The survey won't reflect that the captain's bunk was unmade, and that the galley sink was full of dirty dishes, but, if the engine sounds like a Messerschmidt in a power dive and the rats have gnawed all the wiring to the nav lights, then those things will be mentioned...and the insurance company is entitled to know them.

Get the survey with the idea that the deficiencies noted therein will be addressed before/immediately after it is submitted. Invoice copies may be requested by the insuror for needed-work noted in the survey.

When I was buying my boat, the Halon cylinder had been dismounted and put in a drawer by the PO. This is a self-contained item, held to a bulkhead in the engine compartment by a metal band clamp. The surveyor noted that it was "present, but not installed". The insurance company wanted the survey as a condition of coverage. I sent it. They bound the boat, I bought it, then they sent along a letter asking what I'd done about specifice deficiencies noted therein, and gave me a deadline for responding to them. The list was not all-inclusive, but the Halon cylinder was on it. They wanted "proof of the work". I sent a copy of the itemized yard bills which addressed some of the issues, and took a picture of the re-installed Halon cylinder (and the backup for it which I also obtained). They were happy.

If you need the survey for new insurance, just plan on doing what looks to be important and then proving it up.
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Re: Insurance Sureys

Postby GeoffSchultz » Sat Jan 03, 2009 9:16 am

I'm not suggesting that the surveyor come up with a fake value for the boat. I'm simply suggesting that there are 2-3 kinds of surveys that you want done.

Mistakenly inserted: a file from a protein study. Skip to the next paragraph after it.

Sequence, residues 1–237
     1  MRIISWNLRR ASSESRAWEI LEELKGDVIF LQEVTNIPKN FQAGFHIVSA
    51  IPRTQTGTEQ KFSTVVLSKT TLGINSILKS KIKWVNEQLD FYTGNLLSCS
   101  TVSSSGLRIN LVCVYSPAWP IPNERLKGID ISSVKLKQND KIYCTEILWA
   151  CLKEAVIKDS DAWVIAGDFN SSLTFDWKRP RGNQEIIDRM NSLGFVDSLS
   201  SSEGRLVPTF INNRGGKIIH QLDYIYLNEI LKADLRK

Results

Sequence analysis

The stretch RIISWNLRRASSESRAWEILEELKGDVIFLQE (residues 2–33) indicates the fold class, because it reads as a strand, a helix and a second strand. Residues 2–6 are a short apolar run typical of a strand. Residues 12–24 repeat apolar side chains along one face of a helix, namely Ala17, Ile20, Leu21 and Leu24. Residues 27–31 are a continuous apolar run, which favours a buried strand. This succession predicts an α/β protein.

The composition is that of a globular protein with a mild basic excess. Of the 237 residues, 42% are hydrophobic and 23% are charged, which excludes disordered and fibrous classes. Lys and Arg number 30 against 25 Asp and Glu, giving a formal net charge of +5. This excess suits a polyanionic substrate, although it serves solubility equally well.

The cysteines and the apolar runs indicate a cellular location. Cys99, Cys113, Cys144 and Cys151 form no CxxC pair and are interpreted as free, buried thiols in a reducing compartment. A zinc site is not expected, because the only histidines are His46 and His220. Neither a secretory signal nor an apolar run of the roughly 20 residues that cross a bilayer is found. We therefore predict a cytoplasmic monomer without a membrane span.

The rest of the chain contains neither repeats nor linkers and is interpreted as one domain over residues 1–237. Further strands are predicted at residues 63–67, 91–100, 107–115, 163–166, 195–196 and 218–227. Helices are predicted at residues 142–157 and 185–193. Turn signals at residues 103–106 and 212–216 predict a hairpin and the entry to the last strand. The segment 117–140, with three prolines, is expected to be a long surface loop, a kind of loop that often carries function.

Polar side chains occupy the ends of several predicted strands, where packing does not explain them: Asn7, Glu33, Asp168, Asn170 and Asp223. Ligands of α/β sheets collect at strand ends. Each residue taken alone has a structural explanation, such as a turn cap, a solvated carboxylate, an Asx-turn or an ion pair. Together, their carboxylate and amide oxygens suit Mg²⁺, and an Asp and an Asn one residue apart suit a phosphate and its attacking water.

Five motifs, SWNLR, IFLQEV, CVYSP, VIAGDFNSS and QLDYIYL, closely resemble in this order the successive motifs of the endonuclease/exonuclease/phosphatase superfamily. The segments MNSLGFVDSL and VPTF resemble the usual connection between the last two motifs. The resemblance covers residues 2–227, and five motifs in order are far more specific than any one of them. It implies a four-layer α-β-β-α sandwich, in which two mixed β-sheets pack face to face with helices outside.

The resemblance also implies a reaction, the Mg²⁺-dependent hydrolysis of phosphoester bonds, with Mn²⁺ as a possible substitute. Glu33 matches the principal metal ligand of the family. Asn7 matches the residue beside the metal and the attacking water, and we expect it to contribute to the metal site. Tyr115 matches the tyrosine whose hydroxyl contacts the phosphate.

1. Purchase Survey: The survey that you have done when you buy the boat is probably the most intense survey that you want to pay for. If you cheap out or get a bad surveyor, you'll probably pay for it later. Anything major that you find here can be used to negotiate the price if you decide to buy the boat.
  2. An insurance survey: Every insurance survey that I've seen done is relatively quick and seems primarily designed to find major issues with the boat and to fix a replacement value. I personally find little use in them as most of the surveyors only do a cursory/surface job and are more interested in collecting their check and getting on to the next boat. Most owners don't want the insurance company knowing about every little detail that the surveyor thinks needs fixing. What is you, the owner, disagrees with something that the surveyor finds and then the insurance company makes you fix that "problem"? That could be very expensive/aggrivating.